Dora Šustić: Two Madonnas in a Hair Salon

Born in Rijeka, Croatia, Dora Šustić (1991) obtained her BA in Political Studies, International Relations, at the Faculty of Social Sciences, University of Ljubljana, in Slovenia. In 2012, she moved to Prague, where she currently studies screenwriting for an MA degree at the Film and TV School of the Academy of Performing Arts (FAMU). Her poems, fiction and non-fiction have been published in several international journals (GUTS Magazine, Hourglass Literary Magazine, Bosphorus Review of Books...). She has written and directed several short films and is currently finishing her first feature film screenplay, Virgins of Pomegranates.

Read her short story, Two Madonnas in a Hair Salon, below. The story was written in English.


I love my every skin pore I love how everyone in the salon can smell the price of the perfume he bought me I love how my skin smells as if I was a 20-year-old virgin and I do look like I’m 20 and all these menopaused pauses in the female evolution can go fuck themselves, my pores are lovely their vaginas are saggy, thousands of wrinkles on such a small part of my face, how did I end up so old, how did I end up in this shithole, if she fucks up my hair I will destroy her salon –


A deaf hairdresser with an orange curly perm and a mustache was cutting the strands of Leila’s golden hair. Leila watched herself slowly dying as she counted the wrinkles. Each wrinkle was a minor defeat in the soon-to-end struggle of human endurance. Each wrinkle was a reminder that she was mortal and that beauty was fiction. She cursed in a hoarse voice, her eyes filled with desperation while the deaf hairdresser caressed Leila’s damaged hair with nothing but affection. Humbleness was a gift given from the saints to balance out her deafness.


The sacred hairdresser with a pair of golden scissors

A godsent hairy Madonna


I would rather sweep the floors in hairdresser salons for the rest of my life and be exposed to these pitiful women while waiting for a hair dye to dry than become a phony bimbo with conceptual make-up, an artsy slut, the kind my husband would fuck, my pores speak the truth of my wisdom every grey hair speaks of my experience the lesions on my back are consequences of my inner yelling – during the moments of a grand hysteria, women are the ones who learn how to control their sorrow and how to turn their sickness into a sensual charm, men slip into a frivolous aggression while women internalize it and become shattered from the inside, rotting on a monthly basis, flaking like a cherry – you’re a cherry no more, sweet Leila, putrid vulva and shrinking fertility, you are a walking reminiscence of what you used to be, poor Leila, you are a slave to your mind, slave in the factory of a post-modern family, puking after breakfast at the age of 45 while the kids wait in the car, pitiful but brave, everyone will say, each attempt of puking is a cry for help, but a victim shouldn’t pay attention to the others feeding off her misery, I could slice my wrists with the hairdresser’s scissors and abandon my children leave them to praise their depressed mother as some kind of martyr Madonna –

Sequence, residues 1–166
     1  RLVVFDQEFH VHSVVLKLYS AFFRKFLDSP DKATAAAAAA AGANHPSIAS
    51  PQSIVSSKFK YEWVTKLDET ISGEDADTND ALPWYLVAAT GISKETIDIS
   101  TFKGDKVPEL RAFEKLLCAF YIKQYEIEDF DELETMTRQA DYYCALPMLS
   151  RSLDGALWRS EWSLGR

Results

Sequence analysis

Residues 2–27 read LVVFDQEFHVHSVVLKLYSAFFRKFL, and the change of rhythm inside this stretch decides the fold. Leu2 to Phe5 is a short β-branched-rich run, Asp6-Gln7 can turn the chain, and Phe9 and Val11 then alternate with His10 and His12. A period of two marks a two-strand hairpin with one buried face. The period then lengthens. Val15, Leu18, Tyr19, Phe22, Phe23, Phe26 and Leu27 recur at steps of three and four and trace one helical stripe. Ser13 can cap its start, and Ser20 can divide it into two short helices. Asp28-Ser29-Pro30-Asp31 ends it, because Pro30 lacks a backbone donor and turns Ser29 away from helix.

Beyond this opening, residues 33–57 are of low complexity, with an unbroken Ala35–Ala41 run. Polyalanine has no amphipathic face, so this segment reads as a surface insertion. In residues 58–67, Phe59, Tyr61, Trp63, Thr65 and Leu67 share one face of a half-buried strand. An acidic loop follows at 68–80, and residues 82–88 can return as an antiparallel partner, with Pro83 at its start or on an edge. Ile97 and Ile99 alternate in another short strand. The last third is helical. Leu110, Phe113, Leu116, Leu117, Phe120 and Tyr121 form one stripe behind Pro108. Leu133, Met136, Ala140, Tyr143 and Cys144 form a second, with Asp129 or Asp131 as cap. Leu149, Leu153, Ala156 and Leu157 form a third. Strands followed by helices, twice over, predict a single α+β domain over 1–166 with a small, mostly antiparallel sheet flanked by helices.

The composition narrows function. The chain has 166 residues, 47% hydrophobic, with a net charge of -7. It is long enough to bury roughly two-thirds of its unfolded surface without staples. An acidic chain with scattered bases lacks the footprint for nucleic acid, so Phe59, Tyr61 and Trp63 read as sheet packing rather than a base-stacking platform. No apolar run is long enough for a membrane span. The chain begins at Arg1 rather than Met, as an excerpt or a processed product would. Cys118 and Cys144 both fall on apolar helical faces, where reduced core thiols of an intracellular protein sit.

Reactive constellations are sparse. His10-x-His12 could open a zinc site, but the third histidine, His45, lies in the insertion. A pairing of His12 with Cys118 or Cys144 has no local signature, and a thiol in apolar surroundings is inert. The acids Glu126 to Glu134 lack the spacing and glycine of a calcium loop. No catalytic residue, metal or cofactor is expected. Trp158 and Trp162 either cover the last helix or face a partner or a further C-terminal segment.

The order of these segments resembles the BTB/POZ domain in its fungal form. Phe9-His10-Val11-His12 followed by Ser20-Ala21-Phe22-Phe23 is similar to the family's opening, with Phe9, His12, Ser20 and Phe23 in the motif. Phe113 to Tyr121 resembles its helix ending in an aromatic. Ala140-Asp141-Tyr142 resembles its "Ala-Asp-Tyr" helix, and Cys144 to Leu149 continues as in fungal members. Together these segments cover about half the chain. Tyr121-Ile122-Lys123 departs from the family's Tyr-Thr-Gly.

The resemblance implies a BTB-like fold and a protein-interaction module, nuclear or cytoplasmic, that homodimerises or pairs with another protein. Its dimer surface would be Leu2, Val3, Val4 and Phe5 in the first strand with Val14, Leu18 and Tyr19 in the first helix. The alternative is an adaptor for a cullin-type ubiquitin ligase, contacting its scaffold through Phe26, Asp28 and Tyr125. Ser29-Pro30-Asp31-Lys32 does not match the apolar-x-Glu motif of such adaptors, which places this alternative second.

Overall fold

I don’t want to die before I talk to him before I’m sure my death would mean something to him – I don’t want to die, I don’t want to dye –


The old hairdresser massaged Leila’s head pressing her fingers gently into her skin. She rubbed her scalp and started to weep. It must be the toxins in the hair dye pinching her eyes, the hairdresser cried as she held her palms above Leila’s scalp. As tears were gushing out wetting Leila’s shoulders, she was putting color on the strands of her hair with a brush, covering the grayness of Leila’s age, masking the truth so Leila can blush – the scalp was burning and her skin became red but she will get her man back once she gets new hair.



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